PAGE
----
I guess this is the thread for this: UK Resistance was utterly dire and I've never understood how it managed to attain the fanbase it did. It was basically an entire website full of faux-ironic NEG posts.
  12. Superblast!

    Cold War

    The most disappointing thing about this film was finding out that they haven't released the soundtrack.
  13. Superblast!

    Biggest discrepancy in gaming - your opinion Vs everyone

    I'm taking issue with this bit not because it's wrong (God knows there's a lot of that in this thread) but because you've outright misrepresented the problems people have with Mirror's Edge. Very few people complained about the combat being poor, in the sense that few people complain about the combat being poor in stealth or survival horror games - there's a general understanding that games like that aren't meant to have good combat controls, as doing so would ruin the kind of gameplay they were going for. Why would anyone be worried about being spotted by guards in Metal Gear Solid if you could just gun them down without a moment's thought? And so it goes for Mirror's Edge, which would have little need for running and jumping if you could just blast your way through every level. As you say, it's a platformer, not a shooter. Except...that's the real problem: DICE did not treat it as a platformer, they treated it as a shooter with jumping bits. So the game starts with you doing running, jumping and avoiding enemies (good), then progresses to having less space to run and jump (not so good), then adds more enemies (shit), then adds bigger, tougher enemies that stand right in front of the only possible exit (really shit) and by the end you're trying to shoot computer mainframes in a room with barely anywhere to run and jump which is infested with a SWAT team (who the fuck let this abomination happen). That's what people mean when they complain about the combat: it's a game where you're supposed to avoid combat which then frequently forces you into unavoidable combat. Some of the critics wanted less shooting, not more! To bring this back to my original analogy, if Mirror's Edge was Metal Gear Solid it would start with Snake sneaking his way into Shadow Moses, then the rest of the game would mainly consist of that bit where you have to run up the endless staircase gunning down an entire platoon of soldiers. And the cutscenes would look like a flash game circa 2004.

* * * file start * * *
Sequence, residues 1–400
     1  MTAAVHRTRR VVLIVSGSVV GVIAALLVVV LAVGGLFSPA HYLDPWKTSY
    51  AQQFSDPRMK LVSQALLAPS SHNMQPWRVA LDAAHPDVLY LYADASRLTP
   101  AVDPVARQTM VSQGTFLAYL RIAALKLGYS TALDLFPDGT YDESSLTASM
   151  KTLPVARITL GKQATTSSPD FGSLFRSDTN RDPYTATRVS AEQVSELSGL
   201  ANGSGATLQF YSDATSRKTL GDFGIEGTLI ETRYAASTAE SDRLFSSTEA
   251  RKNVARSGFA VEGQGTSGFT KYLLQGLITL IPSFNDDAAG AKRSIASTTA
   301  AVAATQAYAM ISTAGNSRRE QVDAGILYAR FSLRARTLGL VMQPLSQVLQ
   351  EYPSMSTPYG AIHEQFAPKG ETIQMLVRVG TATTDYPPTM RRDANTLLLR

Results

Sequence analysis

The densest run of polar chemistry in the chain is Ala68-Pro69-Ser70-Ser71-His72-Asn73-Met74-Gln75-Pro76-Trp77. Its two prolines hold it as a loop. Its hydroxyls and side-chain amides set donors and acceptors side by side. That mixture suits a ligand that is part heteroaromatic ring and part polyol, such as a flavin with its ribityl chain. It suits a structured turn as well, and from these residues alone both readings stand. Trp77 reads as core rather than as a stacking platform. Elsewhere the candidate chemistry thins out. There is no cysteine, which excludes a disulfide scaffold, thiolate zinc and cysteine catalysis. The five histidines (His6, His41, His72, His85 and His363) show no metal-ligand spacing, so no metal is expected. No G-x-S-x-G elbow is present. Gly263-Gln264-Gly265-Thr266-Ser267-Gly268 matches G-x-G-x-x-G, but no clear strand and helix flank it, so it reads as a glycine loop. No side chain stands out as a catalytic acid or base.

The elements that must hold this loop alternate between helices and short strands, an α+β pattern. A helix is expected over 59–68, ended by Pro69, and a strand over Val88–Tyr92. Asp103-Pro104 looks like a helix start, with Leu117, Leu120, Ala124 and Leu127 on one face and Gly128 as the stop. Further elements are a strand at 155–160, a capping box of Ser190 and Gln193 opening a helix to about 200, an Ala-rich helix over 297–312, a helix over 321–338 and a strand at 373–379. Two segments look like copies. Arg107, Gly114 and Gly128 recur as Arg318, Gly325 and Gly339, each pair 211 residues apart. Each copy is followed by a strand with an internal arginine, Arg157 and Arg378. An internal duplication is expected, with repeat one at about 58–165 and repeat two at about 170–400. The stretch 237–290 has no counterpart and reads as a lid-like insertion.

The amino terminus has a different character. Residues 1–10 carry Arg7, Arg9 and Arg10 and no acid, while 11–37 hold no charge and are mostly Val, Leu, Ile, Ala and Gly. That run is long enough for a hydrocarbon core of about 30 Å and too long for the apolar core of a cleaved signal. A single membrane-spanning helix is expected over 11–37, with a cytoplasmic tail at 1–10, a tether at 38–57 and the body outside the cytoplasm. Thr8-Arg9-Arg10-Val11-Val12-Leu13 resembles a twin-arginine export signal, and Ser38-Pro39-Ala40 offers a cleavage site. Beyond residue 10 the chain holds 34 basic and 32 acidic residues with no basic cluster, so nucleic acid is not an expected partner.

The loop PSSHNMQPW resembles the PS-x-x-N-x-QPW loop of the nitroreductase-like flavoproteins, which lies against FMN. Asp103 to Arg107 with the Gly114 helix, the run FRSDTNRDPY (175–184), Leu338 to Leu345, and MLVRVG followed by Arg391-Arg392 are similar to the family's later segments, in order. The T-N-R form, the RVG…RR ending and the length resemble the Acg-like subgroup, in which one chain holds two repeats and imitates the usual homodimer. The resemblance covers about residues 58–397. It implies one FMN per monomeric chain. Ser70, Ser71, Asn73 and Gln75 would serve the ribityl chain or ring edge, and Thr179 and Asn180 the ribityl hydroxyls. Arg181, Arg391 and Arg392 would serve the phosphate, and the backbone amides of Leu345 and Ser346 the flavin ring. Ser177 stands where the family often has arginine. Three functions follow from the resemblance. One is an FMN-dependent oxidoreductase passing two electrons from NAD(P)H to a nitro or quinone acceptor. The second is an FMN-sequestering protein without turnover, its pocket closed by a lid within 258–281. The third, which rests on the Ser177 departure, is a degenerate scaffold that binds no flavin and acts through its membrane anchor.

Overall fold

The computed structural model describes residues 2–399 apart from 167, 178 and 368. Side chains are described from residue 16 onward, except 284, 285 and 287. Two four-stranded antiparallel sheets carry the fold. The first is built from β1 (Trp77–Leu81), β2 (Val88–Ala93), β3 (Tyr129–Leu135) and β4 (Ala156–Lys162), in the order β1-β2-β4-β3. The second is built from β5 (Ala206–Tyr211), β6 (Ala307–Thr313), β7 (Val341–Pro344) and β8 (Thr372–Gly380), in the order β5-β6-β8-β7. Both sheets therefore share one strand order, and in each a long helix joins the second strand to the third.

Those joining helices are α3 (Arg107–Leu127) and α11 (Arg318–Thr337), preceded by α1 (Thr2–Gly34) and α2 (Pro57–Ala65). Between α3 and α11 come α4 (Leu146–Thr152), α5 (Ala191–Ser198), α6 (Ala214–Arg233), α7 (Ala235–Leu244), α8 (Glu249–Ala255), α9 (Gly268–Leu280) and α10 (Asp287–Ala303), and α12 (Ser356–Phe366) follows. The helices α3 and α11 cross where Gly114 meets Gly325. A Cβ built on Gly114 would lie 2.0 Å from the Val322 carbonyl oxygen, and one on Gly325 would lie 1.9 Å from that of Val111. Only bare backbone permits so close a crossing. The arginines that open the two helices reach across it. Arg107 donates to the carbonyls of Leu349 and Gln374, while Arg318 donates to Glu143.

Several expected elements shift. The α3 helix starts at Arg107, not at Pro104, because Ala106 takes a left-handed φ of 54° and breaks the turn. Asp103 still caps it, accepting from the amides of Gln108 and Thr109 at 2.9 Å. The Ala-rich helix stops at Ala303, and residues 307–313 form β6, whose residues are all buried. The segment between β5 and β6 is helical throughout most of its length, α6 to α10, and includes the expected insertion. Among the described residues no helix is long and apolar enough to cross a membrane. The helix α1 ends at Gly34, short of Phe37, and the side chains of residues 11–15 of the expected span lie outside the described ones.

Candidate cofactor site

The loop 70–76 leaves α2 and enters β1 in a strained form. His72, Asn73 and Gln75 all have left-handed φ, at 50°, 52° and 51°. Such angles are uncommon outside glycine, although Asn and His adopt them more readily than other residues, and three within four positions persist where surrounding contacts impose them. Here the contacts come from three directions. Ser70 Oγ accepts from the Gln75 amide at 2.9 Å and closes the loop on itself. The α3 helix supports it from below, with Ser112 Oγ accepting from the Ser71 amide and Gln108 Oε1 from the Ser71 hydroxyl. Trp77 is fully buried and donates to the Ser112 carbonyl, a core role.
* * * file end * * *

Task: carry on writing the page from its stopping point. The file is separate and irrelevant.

14. Superblast!

    Your unearthed gems

    A few of mine: Possible Worlds Maybe calling this a "gem" is a little optimistic, as the acting ranges from passable to downright terrible, and it's got some really cheap looking scenes (presumably most of the budget went towards casting Tilda Swinton, who ironically ended up providing one the film's worst performances). However, there's frequent moments of absolutely beautiful cinematography, and the concept is utterly fascinating. It's about a guy called George who is found dead in his apartment with his brain surgically removed - except then the film shows him going to a job interview and meeting Joyce (Tilda Swinton). Turns out it isn't a flashback - the universe consists of billions of possible worlds, all with their own minute differences, and in this world George is still alive. And not only is George still alive in multiple worlds, he's somehow become aware of his presence in all of them simultaneously, and seems to be able to switch between them. The rest of the film has a dream-like flow in which George moves between possible worlds yet is always drawn to Joyce, despite her personality and circumstances changing each time. Despite its flaws it's a really unique experience, apparently it's available on Amazon Video if that's your thing (though judging by some of the reviews it still has the terrible transfer that the DVD has). Possession I went to see Mother last year, and as I left the cinema the only opinion I could muster was "that wasn't as good as Possession". That's a somewhat unfair comparison as they're both quite different films, but as there aren't many other entries in the arty-not-quite-horror-but-we're-not-sure-how-else-to-describe-this genre I guess it's inevitable. Mark (Sam Neill) returns to his home in Berlin to find that his wife Anna (Isabelle Adjani) wants a divorce. Despite his initial pleas for her to reconsider, their relationship deteriorates and their interactions towards each other become increasingly hysterical and violent. Anna's behaviour becomes unpredictable and she starts disappearing for significant periods of time, which leads Mark to suspect she has another lover - but when he investigates, things escalate to a level he could never imagine. Eschewing a literal depiction of a marital breakdown in favour of surreal, visceral imagery in order to really emphasise just how painful the experience is, I saw this in my local arthouse and at one point it got so disturbing that I heard woman sitting near me audibly exclaim "Jeeeesus". It also holds the rather ignominious distinction of being screened in competition for the Palme D'Or, only to end up on the UK's Video Nasties list. Hugo and Josephine Josephine is a shy, imaginative pastor's daughter who is teased by the other children at her school and spends much of her time alone. Hugo is a boy who lives by his own unfathomable lifestyle, and is so self-reliant that he seemingly lives by himself in the nearby forest. Together they have adventures in the Swedish countryside (end of plot). To my knowledge this has never received a release in English-speaking regions outside of a few brief cinema runs, and I've struggled to find an import copy of the Swedish DVD anywhere. Sweden's gain is our loss, as it's utterly charming and one of the best children's films I've ever seen.